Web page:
Use of www.mondaq.com

To Use Mondaq.com you must be: eighteen (18) years old or over; legally capable of entering into binding contracts; and not in any way prohibited by the applicable law to enter into these Terms in the jurisdiction which you are currently located.

You may use the Website as an unregistered user, however, you are required to register as a user if you wish to read the full text of the Content or to receive the Services.

You may not modify, publish, transmit, transfer or sell, reproduce, create derivative works from, distribute, perform, link, display, or in any way exploit any of the Content, in whole or in part, except as expressly permitted in these Terms or with the prior written consent of Mondaq. You may not use electronic or other means to extract details or information from the Content. Nor shall you extract information about users or Contributors in order to offer them any services or products.

In your use of the Website and/or Services you shall: comply with all applicable laws, regulations, directives and legislations which apply to your Use of the Website and/or Services in whatever country you are physically located including without limitation any and all consumer law, export control laws and regulations; provide to us true, correct and accurate information and promptly inform us in the event that any information that you have provided to us changes or becomes inaccurate; notify Mondaq immediately of any circumstances where you have reason to believe that any Intellectual Property Rights or any other rights of any third party may have been infringed; co-operate with reasonable security or other checks or requests for information made by Mondaq from time to time; and at all times be fully liable for the breach of any of these Terms by a third party using your login details to access the Website and/or Services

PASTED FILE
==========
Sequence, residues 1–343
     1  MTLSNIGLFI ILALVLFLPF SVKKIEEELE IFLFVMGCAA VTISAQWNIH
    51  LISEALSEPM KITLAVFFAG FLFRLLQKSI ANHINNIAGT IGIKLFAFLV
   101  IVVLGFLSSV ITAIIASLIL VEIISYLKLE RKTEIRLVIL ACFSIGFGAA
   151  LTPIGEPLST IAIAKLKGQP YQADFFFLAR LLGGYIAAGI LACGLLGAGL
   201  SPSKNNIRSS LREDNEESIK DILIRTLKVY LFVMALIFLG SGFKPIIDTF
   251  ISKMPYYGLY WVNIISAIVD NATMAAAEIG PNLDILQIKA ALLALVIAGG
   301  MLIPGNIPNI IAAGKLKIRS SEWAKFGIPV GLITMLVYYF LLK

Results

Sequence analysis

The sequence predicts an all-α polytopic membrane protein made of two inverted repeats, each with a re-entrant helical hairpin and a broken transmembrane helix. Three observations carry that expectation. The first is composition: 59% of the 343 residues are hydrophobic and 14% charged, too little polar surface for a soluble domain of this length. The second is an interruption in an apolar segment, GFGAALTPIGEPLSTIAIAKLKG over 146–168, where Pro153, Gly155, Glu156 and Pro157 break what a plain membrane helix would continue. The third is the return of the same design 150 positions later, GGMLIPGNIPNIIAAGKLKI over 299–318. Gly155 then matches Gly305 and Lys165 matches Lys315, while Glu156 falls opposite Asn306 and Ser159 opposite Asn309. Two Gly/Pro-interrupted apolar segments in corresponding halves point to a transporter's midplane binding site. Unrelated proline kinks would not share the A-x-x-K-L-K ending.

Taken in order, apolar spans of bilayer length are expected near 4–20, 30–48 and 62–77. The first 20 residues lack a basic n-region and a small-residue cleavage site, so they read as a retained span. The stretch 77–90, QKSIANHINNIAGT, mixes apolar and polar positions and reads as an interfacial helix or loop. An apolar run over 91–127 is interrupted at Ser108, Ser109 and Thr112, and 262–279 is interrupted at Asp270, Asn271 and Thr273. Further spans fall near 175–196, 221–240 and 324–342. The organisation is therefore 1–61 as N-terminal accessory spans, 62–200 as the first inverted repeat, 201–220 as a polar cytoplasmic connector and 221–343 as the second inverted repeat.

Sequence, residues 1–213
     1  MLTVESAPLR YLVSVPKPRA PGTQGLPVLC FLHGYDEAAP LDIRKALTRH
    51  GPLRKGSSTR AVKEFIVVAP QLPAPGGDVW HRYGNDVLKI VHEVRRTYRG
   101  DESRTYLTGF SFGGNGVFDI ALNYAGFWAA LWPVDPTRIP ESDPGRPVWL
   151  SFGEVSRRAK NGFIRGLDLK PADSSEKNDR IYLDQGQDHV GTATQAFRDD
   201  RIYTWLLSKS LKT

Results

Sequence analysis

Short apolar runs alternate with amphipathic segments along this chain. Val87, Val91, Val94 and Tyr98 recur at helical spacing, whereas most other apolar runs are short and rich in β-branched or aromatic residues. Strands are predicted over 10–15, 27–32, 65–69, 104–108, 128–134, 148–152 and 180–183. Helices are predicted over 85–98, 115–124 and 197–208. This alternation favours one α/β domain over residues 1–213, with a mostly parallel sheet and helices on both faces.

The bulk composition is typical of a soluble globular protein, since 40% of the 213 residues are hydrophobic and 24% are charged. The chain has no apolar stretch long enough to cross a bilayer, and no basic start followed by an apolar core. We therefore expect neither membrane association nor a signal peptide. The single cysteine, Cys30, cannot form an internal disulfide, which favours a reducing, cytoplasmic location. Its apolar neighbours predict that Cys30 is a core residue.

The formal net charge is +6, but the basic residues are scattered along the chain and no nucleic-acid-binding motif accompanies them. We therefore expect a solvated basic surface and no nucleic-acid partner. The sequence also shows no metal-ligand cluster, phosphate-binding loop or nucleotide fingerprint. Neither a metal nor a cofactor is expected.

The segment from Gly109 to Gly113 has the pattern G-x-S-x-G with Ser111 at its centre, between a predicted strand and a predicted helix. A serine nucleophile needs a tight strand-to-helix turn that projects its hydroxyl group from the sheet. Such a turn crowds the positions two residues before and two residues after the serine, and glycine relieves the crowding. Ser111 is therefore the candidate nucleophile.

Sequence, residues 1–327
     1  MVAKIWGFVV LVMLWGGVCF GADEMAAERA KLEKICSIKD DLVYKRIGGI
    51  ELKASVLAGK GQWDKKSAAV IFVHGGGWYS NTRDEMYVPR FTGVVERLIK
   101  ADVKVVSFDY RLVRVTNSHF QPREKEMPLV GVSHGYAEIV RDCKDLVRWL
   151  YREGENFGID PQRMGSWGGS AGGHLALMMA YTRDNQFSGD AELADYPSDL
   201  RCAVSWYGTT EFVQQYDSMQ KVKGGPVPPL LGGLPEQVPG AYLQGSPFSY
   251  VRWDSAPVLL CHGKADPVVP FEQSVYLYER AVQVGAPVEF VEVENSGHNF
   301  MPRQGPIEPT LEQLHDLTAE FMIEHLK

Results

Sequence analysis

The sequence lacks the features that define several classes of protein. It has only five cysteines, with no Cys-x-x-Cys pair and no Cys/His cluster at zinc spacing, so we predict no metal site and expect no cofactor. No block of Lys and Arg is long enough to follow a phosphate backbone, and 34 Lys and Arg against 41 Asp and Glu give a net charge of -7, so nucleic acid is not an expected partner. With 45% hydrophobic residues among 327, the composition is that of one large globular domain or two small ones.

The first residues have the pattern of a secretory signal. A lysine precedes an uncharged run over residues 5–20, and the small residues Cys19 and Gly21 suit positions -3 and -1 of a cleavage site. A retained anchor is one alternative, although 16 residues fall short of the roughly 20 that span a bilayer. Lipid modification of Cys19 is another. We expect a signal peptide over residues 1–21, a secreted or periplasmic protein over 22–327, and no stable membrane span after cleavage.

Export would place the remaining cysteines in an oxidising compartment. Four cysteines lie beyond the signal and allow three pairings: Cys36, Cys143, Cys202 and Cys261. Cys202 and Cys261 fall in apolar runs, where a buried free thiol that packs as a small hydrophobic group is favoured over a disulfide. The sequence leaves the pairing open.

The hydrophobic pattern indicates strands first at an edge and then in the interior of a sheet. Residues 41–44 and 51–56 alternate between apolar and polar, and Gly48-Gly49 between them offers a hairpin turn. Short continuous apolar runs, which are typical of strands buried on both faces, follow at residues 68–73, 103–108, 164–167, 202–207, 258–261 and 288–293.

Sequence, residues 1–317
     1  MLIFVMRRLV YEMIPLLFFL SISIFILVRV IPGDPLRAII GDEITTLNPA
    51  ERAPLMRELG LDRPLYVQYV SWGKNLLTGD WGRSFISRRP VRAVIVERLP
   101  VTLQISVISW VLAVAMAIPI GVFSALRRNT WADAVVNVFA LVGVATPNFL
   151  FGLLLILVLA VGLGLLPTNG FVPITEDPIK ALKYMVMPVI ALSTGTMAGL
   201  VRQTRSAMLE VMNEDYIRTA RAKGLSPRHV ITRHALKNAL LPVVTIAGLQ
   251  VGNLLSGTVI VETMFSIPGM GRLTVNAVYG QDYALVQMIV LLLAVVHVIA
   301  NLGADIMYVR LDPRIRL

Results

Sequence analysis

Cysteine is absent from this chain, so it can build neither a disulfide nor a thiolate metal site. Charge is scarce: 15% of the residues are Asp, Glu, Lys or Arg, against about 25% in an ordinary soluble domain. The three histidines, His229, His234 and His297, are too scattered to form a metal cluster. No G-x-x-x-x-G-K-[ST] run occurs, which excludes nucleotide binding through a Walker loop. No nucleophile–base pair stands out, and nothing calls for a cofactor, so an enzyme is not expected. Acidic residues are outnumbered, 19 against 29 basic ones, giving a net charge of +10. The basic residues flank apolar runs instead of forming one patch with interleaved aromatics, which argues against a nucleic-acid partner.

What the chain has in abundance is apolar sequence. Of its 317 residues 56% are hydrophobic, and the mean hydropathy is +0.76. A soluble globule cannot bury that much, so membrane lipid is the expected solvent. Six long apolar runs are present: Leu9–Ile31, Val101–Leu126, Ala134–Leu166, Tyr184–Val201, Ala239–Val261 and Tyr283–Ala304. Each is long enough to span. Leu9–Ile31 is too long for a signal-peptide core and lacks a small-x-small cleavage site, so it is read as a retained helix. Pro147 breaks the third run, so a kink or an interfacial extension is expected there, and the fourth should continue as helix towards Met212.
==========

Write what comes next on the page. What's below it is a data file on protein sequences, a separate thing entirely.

however, you shall not: do anything likely to impair, interfere with or damage or cause harm or distress to any persons, or the network; do anything that will infringe any Intellectual Property Rights or other rights of Mondaq or any third party; or use the Website, Services and/or Content otherwise than in accordance with these Terms; use any trade marks or service marks of Mondaq or the Contributors, or do anything which may be seen to take unfair advantage of the reputation and goodwill of Mondaq or the Contributors, or the Website, Services and/or Content.